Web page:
Argentina rejected Israel’s demands for explanations over Buenos Aires decision to conduct a joint probe with Iran into a 1994 bombing of a Jewish center Tuesday, firing back a day after Jerusalem criticized the Latin American country for joining up with Tehran.
The attack on the AMIA center in the Argentinian capital nearly 20 years ago left 85 people dead. Argentina and Israel have long suspected Iranian involvement in the unsolved terror attack, and on Sunday Argentina signed a deal with Iran to establish a joint “truth commission” into the incident, drawing harsh criticism and a demand for explanations from Jerusalem.
But the Argentine Foreign Ministry said it was not beholden to defend its probe to Israel.
“The attack against the people of our country on July 18, 1994 did not involve any Israeli citizens. Victims were mostly Argentines and included six Bolivians, two Poles and one Chilean,” read a foreign ministry statement. “It should be noted that Argentina has never demanded of an Israeli ambassador to provide explanation for his government’s actions.”
Earlier Tuesday Israel made clear it was furious about the agreement between Argentina and Iran, saying it was comparable to asking a murderer to investigate his own crimes.
Argentina’s ambassador to Israel, Atilio Norberto Molteni, was summoned to Jerusalem for a harsh reprimand.
The Foreign Ministry’s director of Latin American affairs Yitzchak Shoham conveyed Israel’s “astonishment and disappointment” at the Argentinean government’s decision to “collaborate” with Iran, according to a Foreign Ministry press release. Shoham protested “the unacceptable attitude of the Argentinean government towards Israel since the beginning of contacts between Buenos Aires and Tehran,” the statement read. “Argentina’s approach is particularly disappointing given the intimate relationship to which Israel is accustomed with Argentina, a very friendly country,” Shoham stated.
Israel’s ambassador in Buenos Aires, Dorit Shavit, was likewise instructed to request a meeting with Argentinean Foreign Minister Hector Timerman to “clarify the motivations for this move,” according to an announcement.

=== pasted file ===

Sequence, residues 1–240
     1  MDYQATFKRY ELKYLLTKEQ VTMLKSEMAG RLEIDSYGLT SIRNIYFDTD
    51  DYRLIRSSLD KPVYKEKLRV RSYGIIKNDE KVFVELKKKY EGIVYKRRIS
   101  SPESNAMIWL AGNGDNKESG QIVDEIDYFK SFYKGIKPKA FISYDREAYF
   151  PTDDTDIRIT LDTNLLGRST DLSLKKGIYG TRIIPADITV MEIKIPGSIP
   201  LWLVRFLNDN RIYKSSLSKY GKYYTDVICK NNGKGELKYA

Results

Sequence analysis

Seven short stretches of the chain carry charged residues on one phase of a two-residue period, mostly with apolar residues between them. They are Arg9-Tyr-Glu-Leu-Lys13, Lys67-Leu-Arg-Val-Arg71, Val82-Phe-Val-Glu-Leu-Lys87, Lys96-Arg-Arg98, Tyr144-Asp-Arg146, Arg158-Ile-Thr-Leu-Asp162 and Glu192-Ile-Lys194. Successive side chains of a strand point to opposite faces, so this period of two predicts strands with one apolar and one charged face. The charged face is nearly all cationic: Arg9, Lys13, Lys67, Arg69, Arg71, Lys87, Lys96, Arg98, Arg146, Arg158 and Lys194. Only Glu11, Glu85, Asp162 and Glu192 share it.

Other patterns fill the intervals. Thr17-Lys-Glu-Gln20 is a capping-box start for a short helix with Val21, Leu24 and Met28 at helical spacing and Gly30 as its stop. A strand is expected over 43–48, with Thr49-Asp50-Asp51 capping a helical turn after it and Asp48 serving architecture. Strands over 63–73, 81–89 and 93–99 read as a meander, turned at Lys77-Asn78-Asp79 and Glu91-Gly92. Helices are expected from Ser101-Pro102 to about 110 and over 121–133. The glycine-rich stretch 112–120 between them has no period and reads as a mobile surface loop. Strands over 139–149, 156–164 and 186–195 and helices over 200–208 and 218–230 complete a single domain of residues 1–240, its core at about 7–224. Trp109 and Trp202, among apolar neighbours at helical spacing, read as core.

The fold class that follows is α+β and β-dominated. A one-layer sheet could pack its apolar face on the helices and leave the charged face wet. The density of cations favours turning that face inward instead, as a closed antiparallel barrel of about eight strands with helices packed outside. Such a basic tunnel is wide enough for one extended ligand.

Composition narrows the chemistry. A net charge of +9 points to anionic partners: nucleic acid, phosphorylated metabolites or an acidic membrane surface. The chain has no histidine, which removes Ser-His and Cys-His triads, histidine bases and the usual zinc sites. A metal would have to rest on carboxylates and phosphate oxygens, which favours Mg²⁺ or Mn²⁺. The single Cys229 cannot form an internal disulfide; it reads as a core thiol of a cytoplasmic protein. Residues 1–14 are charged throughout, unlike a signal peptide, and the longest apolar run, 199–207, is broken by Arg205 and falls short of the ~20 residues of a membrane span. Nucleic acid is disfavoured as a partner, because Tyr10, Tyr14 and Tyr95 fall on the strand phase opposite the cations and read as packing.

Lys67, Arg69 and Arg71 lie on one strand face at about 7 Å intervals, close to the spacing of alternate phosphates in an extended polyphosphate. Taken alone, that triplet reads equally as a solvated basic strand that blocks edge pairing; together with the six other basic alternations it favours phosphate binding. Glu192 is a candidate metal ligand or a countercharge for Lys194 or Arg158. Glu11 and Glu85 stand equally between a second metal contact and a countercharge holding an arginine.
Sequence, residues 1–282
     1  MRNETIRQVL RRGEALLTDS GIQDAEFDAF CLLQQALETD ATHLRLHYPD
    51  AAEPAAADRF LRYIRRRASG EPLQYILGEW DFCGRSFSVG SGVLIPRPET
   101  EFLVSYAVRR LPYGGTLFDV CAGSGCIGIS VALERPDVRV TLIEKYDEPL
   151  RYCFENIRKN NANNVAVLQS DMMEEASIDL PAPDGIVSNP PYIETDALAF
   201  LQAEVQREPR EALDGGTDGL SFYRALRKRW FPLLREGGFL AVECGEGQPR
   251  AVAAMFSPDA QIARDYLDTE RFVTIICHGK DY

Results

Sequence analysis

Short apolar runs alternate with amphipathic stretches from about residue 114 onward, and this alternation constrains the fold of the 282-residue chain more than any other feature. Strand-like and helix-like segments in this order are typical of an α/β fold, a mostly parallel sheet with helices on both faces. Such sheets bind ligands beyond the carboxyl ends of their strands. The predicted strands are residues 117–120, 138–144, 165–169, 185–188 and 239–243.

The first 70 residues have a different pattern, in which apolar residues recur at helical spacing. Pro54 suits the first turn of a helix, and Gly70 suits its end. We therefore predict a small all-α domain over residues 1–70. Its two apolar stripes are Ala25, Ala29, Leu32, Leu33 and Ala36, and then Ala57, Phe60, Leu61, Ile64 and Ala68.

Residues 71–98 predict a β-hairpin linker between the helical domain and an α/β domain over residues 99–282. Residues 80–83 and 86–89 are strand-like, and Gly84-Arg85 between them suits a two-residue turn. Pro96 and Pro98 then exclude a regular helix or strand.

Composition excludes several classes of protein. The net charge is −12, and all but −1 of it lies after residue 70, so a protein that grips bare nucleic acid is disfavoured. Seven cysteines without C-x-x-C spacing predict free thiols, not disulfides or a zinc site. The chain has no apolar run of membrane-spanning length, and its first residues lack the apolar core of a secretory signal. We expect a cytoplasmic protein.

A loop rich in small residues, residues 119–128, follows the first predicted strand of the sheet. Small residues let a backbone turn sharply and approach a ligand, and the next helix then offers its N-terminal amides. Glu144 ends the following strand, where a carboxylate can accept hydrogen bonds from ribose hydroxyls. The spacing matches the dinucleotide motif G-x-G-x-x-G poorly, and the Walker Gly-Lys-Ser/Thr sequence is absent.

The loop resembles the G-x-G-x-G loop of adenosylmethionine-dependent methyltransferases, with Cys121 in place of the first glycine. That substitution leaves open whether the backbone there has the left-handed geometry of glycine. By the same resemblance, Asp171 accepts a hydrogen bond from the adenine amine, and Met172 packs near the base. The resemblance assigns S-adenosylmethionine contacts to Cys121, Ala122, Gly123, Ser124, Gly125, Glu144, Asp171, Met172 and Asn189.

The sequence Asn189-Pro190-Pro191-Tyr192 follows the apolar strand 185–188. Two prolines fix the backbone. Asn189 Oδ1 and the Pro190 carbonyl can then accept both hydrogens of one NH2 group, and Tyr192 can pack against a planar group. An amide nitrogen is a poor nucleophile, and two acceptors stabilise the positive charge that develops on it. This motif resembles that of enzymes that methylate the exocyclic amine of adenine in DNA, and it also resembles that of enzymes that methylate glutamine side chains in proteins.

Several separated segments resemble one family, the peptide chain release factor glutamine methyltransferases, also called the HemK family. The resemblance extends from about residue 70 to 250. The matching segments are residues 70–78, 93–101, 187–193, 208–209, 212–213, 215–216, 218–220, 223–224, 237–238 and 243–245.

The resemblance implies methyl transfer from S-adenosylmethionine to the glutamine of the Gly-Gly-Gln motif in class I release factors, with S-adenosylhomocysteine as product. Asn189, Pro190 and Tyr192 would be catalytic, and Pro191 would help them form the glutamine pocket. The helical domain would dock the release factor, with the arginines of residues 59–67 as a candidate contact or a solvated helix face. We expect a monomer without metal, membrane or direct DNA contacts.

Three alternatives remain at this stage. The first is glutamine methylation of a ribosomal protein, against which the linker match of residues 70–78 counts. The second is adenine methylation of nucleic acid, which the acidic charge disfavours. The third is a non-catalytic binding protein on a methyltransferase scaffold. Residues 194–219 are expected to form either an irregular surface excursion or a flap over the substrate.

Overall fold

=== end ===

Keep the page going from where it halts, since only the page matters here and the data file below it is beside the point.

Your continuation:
The agreement, signed by Timerman and his Iranian counterpart, Ali Akbar Salehi, “is like inviting a murderer to investigate the killings he committed,” Deputy Foreign Minister Danny Ayalon said.
Argentina’s Foreign Ministry called the subpoena to demand explanations over its sovereign decisions an “improper act” saying it goes against the traditional relations of friendship between the two countries.
According to Argentinian media reports, Timerman spoke to the families of the victims before sending out the harshly worded statement.
“It is a sign of ignorance and bad faith of those who say that we are ceding sovereignty, the trial continues in Argentina with an Argentine judge and an Argentine prosecutor,” he was quoted as telling the press from the building of the AMIA, or Asociacion Mutual Israelita Argentina, in Beunos Aires.
“Israel is clearly and understandably concerned by the matter,” an Israeli Foreign Ministry statement issued Tuesday read. “Though the attack took place on Argentinean soil and was aimed at Argentinean citizens, the findings of the ensuing investigation by Argentinean authorities has brought up a clear resemblance to the bombing of the Israeli embassy in Buenos Aires, which occurred two years earlier. The proven relation between the two attacks grants us the natural right to follow the investigations and to expect that the perpetrators and their sponsors be brought to justice, particularly when we continue to suffer from the Iranian terror plague around the world.”
Argentinean authorities together with Interpol have accused Iran of sponsoring the attack. While Tehran rejects any involvement, Argentina has for years demanded the extradition of several Iranians suspected of masterminding the bombing, including some former senior government officials.
“Now, this recent agreement raises severe questions: it establishes a committee whose recommendations are non-mandatory, and it provides the country which all the evidence points at, namely Iran, with the capacity to delay indefinitely the committee’s works,” the Foreign Ministry in Jerusalem said. “It is doubtful whether this is how justice will be rendered.”
Jewish groups in Argentina were also critical of the commission’s establishment. “It is a monumental step backward,” said Luis Czyzewski, who lost his daughter Paola in the bombing. “I think all the families will reject it and be as angry as I am.”
The country’s president, Cristina Fernandez de Kirchner, on the other hand, described Sunday’s agreement as “historic” because it would enable Argentinean judicial authorities for the first time to interrogate the Iranian suspects. Before the agreement, she said, Iran had not been bound by any instrument of international law to comply with Interpol’s investigation.
But Israeli rejected these assertions. “Iran was and still is obligated to cooperate with Interpol and Interpol arrest warrants,” a Foreign Ministry official said, asking to remain anonymous for fear of offending Israel’s ally. “What the Argentinean president is saying runs so blatantly counter to the factual truth that one cannot but call it lie.”
The Associated Press contributed to this report.
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